Senate investigators have had problems getting the FBI to reveal information about the Trump dossier. They're not the only ones. Outside groups filing Freedom of Information Act requests are running up against a stone wall when it comes to the dossier.

On March 8, Judicial Watch filed a FOIA request for documents regarding the bureau's contacts with Christopher Steele, the former British spy who dug for dirt in Russia on candidate Donald Trump in the months before the 2016 presidential election. Steele's effort was commissioned by the oppo research firm Fusion GPS, which at the time was being paid by still-unidentified Democrats who supported Hillary Clinton. Just weeks before the election, the FBI reportedly agreed to support Steele's oppo project — an extraordinary action in the midst of a campaign which Senate Judiciary Committee Chairman Chuck Grassley said raised "questions about the FBI's independence from politics."

So Judicial Watch asked the Justice Department for:

Any and all records of communications between any official, employee, or representative of the Federal Bureau of Investigation and Mr. Christopher Steele, a former British intelligence officer and the owner of the private firm Orbis Business Intelligence.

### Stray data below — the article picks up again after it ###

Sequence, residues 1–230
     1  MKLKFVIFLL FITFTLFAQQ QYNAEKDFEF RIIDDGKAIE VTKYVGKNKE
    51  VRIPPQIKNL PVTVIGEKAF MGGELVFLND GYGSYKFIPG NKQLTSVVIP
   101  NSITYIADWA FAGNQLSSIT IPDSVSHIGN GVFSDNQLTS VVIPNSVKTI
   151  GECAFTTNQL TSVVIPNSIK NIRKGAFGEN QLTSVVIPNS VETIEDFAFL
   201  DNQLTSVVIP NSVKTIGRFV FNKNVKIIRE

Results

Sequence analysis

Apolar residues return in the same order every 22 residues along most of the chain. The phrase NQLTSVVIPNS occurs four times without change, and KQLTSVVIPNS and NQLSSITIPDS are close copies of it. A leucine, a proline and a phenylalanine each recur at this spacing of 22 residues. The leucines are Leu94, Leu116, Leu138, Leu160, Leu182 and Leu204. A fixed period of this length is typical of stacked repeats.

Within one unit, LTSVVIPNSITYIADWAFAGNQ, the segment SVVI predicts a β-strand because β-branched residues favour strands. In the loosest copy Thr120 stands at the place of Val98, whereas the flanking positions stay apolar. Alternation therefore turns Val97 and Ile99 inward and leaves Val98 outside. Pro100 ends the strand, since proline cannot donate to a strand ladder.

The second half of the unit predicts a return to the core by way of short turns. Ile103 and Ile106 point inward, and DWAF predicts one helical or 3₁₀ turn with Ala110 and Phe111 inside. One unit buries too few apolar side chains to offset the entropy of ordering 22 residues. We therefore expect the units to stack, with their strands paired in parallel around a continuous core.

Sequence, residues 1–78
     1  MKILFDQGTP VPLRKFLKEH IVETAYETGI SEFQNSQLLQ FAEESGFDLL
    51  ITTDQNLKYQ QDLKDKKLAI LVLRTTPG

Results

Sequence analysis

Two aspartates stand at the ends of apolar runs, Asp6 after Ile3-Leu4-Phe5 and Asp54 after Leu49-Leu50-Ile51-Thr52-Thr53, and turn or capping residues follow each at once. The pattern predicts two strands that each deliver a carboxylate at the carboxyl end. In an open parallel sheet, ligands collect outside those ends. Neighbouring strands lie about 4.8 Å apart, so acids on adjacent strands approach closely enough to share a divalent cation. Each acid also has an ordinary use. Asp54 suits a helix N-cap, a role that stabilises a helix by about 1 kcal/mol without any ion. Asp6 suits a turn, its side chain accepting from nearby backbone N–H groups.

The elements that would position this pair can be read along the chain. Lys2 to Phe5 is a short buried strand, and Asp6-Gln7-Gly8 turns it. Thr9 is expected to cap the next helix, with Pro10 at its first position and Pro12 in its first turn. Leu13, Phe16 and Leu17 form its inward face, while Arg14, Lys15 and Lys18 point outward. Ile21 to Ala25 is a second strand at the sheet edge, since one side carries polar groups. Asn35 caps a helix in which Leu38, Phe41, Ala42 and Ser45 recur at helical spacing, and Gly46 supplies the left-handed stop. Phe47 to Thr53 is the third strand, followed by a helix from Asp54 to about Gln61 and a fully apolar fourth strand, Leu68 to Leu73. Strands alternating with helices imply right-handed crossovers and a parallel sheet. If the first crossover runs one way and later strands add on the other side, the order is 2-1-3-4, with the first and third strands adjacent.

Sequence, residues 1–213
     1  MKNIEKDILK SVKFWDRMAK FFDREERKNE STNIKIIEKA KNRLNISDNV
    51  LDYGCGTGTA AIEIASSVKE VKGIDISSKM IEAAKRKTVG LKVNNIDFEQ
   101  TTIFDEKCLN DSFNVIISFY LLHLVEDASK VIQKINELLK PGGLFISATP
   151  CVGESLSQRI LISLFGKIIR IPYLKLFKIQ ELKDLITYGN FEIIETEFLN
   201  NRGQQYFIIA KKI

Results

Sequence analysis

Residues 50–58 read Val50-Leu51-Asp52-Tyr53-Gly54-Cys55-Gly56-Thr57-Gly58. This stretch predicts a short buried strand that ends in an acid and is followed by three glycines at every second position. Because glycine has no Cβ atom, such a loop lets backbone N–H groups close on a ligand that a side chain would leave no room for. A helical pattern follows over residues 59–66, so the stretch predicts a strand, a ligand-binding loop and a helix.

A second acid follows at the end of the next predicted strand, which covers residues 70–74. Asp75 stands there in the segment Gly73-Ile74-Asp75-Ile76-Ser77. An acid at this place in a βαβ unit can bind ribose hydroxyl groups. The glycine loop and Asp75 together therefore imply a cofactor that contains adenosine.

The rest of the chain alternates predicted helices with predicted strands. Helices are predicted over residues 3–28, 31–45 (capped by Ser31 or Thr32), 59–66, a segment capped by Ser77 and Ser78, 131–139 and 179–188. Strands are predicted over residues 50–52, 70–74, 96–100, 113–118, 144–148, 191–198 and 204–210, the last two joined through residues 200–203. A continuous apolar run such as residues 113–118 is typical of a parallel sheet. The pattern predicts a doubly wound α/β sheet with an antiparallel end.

Any and all records regarding, concerning, or related to the proposed, planned, or actual payment of any funds to Mr. Steele and/or Orbis Business Intelligence. 

Any and all records produced in preparation for, during, or pursuant to any meetings or telephonic conversations between any official, employee, or representative of the Federal Bureau of Investigation and Mr. Christopher Steele and/or any employee or representative of Orbis Business Intelligence.

The idea was that the records would shed light on the basic questions regarding the dossier. Just what did the FBI do? Why? And — this is very important to Grassley — did the FBI ever use the "salacious and unverified" (the words of former FBI Director James Comey) information in the dossier as a basis for applying for warrants to put Americans under surveillance?

The Justice Department's response to Judicial Watch was simple: No. And not just no: The Department would not even confirm or deny whether any such documents or communications even existed.